4 hours makes a world of difference

When I attended college in Joplin, MO back in the 70’s, I recall one snow storm that surprised me due to Joplin being in southern Missouri.  Everything shut down.  It was an impressive amount of snow but nothing like we had in Iowa.  

For 30 years, we lived in the country in Central Iowa.  We drove on 4 to 5 miles on gravel just to get to a hard surface…nearly every winter we had copious amounts of snow with high winds that completely shut the road down.  I worked for 911 and occasionally a deputy would have to pick me up in a 4 wheel drive because I couldn’t get my car out.

That’s what it looks like having the road drifted shut!

I hated it!  Perhaps had I worked at a job that wasn’t emergency services that only 9 people in the county were trained to do, I wouldn’t have stressed out about it.  I always worried about mom and dad (lived next door) having a health emergency or the house catching on fire…I worried because it happened the first year my folks lived out by us…the rural fire department had to push the fire truck out of the ditch 2 or 3 times to get to us!  By that time, He had already made it into the attic and we handed water up to him.

SO we move south of Kansas City and woke up to this picture this morning.

SChools were closed and evening church activities were cancelled for tonight.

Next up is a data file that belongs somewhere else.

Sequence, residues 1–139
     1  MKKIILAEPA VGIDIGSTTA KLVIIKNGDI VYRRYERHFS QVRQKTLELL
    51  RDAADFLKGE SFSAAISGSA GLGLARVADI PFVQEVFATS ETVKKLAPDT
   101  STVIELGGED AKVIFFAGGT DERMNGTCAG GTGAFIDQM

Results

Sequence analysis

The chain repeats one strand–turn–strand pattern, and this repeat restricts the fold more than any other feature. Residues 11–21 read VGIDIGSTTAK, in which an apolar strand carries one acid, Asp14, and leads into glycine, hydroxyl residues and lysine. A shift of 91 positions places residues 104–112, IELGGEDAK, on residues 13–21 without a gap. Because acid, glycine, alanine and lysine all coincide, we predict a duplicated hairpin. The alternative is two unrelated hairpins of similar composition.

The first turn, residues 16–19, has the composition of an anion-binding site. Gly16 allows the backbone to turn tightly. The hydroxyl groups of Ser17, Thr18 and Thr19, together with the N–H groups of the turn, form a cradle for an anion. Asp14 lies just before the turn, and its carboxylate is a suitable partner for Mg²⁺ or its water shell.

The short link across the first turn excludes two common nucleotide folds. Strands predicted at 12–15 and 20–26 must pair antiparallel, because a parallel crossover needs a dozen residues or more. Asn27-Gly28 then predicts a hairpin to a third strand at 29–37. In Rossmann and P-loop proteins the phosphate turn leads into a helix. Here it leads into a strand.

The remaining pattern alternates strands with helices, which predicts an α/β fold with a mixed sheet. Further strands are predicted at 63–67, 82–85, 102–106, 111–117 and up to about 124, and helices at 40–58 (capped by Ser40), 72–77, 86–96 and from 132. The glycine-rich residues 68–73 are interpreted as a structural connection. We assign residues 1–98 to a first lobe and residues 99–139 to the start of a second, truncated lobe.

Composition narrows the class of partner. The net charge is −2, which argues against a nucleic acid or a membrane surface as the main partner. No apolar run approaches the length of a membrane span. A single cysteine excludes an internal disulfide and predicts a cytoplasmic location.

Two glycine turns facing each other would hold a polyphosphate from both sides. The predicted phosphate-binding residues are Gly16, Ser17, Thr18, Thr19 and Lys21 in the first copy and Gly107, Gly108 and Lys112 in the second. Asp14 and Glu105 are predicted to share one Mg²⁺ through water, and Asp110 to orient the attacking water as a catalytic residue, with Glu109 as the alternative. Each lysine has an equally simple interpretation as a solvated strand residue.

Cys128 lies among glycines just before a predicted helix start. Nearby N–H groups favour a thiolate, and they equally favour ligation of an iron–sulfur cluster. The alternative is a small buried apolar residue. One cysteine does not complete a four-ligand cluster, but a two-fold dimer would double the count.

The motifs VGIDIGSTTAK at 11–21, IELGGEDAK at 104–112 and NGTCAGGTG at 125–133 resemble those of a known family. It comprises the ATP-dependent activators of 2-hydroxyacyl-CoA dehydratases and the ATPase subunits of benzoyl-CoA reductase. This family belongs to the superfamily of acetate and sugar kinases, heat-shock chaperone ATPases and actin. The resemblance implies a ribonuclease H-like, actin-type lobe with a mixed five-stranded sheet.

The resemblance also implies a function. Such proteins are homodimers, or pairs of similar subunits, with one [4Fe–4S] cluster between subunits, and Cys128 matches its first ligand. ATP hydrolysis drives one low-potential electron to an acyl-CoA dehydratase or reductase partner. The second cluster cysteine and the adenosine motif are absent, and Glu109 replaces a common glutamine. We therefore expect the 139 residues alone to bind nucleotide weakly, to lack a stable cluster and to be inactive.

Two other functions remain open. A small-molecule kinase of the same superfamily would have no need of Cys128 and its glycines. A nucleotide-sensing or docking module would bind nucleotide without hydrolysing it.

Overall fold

Give me 6 months and I’ll be sure to waaaaaa about the heat…although summer here doesn’t seem much worse than the corn loving heat and humidity that I’m used to.

Until next time….

4 thoughts on “4 hours makes a world of difference

  1. lol. It is amusing when a town shuts down for a couple of inches. But then again, if those ppl don’t have snow tires, stay outa their way. I grew up with so many road warnings. My dad had the same job my husband does now. Forman on DOT. So I was always a little paranoid when it came to winter roads and then the hubs was fire chief and ambulance driver, that didn’t help. I can relate. I’m sure your job made you so much more aware of what the average person thinks about. I really can’t imagine how stressful of a job that had to be!

    Liked by 1 person

  2. It’s nice to be somewhere you are not buried in snow. Someone else always has it worse. In the U.P. and Montana, I’ve seen road poles with the dots that had tall extensions attached to them (making the poles seven or eight feet high) for all those totally predictable times when they will be routinely buried.
    The upside is that the colder it is now, the more mosquito larvae will die and make for a nicer summer. It could always be worse. Ugh.

    Liked by 1 person

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